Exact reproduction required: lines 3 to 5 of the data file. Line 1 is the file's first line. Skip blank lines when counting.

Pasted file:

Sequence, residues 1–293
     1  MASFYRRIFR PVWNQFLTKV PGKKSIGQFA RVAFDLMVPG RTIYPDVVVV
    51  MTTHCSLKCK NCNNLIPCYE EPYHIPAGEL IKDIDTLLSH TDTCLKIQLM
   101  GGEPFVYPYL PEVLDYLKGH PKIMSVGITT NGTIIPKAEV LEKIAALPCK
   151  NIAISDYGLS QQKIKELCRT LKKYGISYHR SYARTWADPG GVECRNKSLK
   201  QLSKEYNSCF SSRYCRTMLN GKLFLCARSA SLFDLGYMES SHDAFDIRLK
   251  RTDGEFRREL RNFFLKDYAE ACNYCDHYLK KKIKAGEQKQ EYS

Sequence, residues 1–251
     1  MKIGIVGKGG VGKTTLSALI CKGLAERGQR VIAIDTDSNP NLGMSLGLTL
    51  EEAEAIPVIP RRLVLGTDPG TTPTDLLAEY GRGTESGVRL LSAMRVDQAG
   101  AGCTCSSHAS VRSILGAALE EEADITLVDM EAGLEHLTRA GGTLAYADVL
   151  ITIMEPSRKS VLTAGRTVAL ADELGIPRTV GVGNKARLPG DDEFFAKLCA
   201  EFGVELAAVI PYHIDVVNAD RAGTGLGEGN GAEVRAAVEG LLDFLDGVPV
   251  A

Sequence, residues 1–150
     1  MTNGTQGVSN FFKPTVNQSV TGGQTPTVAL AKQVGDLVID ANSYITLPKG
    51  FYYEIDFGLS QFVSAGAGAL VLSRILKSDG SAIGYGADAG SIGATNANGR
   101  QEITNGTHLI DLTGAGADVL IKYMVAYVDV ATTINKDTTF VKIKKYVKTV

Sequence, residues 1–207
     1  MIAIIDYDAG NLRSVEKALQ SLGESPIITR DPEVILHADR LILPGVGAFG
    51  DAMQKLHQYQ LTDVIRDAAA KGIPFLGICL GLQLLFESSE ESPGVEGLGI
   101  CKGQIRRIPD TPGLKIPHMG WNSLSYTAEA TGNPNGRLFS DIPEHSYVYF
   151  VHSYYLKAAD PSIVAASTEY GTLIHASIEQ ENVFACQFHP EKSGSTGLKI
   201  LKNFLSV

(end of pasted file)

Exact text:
    51  MTTHCSLKCK NCNNLIPCYE EPYHIPAGEL IKDIDTLLSH TDTCLKIQLM
   101  GGEPFVYPYL PEVLDYLKGH PKIMSVGITT NGTIIPKAEV LEKIAALPCK
   151  NIAISDYGLS QQKIKELCRT LKKYGISYHR SYARTWADPG GVECRNKSLK